Jason Burke (2004), who is a journalist for the Observer, has spent more than a decade reporting in the Middle East South East Asia, and draws the conclusion that seeing al-Qaeda as a single international organisation is an over simplification of the ‘war on terror’.
Burke begins his introduction by stating the objective of writing the book, and the questions he wishes to answer. In his own words, “what was the nature of the threat that now confronted my way of life, my culture, my values, my own personal security and that of those I love?. . . I became increasingly concerned about the misconceptions that were gaining currency. Foremost among them was the idea that Bin Laden led a cohesive and structured terrorist organisation called al-Qaeda.” [Burke 2004: xxiv-xxv]
He traces the roots of radical Islamic militancy to the beginning of the twentieth century. Bin Laden is but a single player in these events, no doubt the most popular, “but there were and are others.” [ibid: xxv]
His book is divided into sixteen chapters excluding the introduction and conclusion. The first two chapters expound on the nature of al-Qaeda, which “are important to understanding the nature of al-Qaeda.” [ibid: xxvii] Chapters’ three to eight examine the life of Bin laden in considerable detail, outlining the historical events that formed the man. Thereafter, is an analysis of al-Qaeda between 1996-2001. Finally, drawing a conclusion of the threat the West faces today.
Burke (2004) traces the roots of al-Qaeda that the word was in use since the early eighties during the Soviet-Afghanistan war, not referring to the organisation but as an Arabic word in its linguistic sense, which means ‘base/ maxim’. The real period in which al-Qaeda matured, not as a well structured organisation as envisaged in the West, but as a safe haven for the many disparate elements of militant Islam globally was between the years 1996-2001. [ibid: 8]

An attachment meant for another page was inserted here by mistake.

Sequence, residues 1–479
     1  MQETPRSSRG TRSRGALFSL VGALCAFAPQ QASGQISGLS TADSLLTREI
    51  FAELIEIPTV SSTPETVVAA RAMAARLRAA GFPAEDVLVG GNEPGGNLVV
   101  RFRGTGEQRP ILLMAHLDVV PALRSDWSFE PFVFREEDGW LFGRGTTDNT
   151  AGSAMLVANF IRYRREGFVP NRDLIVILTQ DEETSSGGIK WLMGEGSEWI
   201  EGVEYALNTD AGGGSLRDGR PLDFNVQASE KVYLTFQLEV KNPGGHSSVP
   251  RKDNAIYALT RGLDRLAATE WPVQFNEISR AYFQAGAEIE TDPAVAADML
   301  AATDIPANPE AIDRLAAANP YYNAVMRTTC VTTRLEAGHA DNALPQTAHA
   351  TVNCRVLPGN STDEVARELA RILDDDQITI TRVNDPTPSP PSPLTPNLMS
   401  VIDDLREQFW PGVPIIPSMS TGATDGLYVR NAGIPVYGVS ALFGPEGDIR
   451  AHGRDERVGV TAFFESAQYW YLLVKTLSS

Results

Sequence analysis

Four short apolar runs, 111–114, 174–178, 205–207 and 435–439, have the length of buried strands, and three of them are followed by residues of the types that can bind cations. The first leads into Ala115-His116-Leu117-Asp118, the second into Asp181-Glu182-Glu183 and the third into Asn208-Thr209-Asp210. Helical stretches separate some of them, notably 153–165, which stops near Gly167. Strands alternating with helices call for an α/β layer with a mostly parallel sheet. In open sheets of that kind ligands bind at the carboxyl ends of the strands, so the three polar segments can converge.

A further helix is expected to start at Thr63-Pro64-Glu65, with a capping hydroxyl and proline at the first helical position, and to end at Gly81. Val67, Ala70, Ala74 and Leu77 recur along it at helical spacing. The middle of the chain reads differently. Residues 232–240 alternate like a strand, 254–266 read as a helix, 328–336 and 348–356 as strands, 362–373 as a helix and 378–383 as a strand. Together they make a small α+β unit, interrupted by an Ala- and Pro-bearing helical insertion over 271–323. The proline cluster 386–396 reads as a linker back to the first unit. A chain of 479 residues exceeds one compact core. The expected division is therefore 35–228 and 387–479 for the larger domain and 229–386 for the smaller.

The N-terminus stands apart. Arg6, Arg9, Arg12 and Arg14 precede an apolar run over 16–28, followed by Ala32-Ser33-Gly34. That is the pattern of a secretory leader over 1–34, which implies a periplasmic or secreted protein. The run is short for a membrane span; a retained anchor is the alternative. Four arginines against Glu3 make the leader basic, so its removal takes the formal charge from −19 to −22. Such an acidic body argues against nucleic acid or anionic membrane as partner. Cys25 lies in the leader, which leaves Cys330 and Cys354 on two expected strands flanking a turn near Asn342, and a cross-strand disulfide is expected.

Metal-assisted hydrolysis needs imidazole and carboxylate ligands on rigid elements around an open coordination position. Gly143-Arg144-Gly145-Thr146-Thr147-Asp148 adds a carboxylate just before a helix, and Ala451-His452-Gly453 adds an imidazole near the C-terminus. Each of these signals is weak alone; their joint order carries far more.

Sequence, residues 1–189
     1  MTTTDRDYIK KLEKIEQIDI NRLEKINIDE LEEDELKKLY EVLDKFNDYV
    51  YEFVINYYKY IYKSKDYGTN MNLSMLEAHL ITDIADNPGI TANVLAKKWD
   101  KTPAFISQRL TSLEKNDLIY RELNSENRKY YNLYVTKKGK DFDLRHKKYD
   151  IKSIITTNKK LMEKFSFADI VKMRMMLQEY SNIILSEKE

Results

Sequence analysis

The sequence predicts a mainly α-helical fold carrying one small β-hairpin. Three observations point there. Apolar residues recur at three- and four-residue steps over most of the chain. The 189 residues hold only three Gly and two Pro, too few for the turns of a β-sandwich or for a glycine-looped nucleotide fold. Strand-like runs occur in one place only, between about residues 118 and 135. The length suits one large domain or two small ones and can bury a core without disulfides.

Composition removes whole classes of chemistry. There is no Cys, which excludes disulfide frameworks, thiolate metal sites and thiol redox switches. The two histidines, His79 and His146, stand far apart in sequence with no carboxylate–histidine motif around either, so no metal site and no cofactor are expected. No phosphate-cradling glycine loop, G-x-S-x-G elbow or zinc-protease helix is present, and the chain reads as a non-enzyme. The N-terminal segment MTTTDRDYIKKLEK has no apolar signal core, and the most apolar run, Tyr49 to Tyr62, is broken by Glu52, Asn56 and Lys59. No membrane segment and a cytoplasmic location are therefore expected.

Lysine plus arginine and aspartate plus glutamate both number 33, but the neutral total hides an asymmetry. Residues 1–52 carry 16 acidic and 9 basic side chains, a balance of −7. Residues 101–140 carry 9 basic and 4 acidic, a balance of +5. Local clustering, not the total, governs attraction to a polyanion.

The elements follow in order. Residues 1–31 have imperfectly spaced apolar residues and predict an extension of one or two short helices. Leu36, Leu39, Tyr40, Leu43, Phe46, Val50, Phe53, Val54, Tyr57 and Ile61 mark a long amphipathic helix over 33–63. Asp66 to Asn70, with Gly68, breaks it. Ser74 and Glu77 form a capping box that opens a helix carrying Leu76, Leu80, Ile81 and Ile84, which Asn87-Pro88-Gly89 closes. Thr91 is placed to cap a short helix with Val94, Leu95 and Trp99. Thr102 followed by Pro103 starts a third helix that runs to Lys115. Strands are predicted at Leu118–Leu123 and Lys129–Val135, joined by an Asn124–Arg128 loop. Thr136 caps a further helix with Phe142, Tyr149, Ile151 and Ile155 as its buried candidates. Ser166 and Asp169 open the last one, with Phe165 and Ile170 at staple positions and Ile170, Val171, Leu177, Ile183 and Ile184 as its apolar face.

This was because Afghanistan was a great place for militant Islam during the above years. It had training camps, recruits, and even cash available for terrorist activities. It was like a department store designed specifically for them, where they could carry out their plans without the extra burden of avoiding surveillance.
Burke divides al-Qaeda into three elements: 1) the ‘hardcore’, 2) a network of co-opted groups 3) an ideology. This he states is crucial to understanding al-Qaeda. [ibid]
The hardcore refers to Bin Laden’s associates whom he had become acquainted with since the 1980’s. He had managed to attract them from different parts of the world who had fought in Egypt, Afghanistan, Bosnia, Chechnya or Algeria. This was the heart of al-Qaeda and they numbered about a hundred. These men expressed a nominal loyalty to Bin Laden, and acted as trainers and administrators.
The second element of al-Qaeda is ‘scores of other militant Islamic groups around the world that were somehow linked with Bin Laden and his associates’ [ibid: 10] these were groups who allied with the Saudi either for funds or because they ascribed to a similar ideology. It is wrong to assume an international network of active groups all of whom were obedient to Bin Laden and his men.
There were many groups who refused to co-opt with Bin Laden, including the Palestinian Hamas, and GFI in Algeria. During the 1996-2001 period there existed many other financial aids beyond Bin Laden. They regarded Bin laden as a hero, but there cause was local. [ibid: 11-12]
The third element is the ideology, or the worldview of al-Qaeda. Bin Laden did not force men to join his cause. The men came of their own free will. ‘They shared the key ideas, and the key objectives of Bin laden’ [ibid: 13] this is not about being a part of a group but about a way of thinking about the world. This is what Burke calls the largest element in al-Qaeda and the one that is erroneously termed ‘al-Qaeda’ in its monolithic sense.
In 2001, when America invaded Afghanistan Bin Laden lost most of his co-opt groups, because they depended on the funds he could offer. This was lost in 2001 and even the hardcore was either killed, made de-functional or scattered.
What we see today, is more of the third element of al-Qaeda, groups who are not linked to Bin Laden in any way but have the same ideology.
Source: Burke, J (2004). Al Qaeda: The True Story of Radical Islam.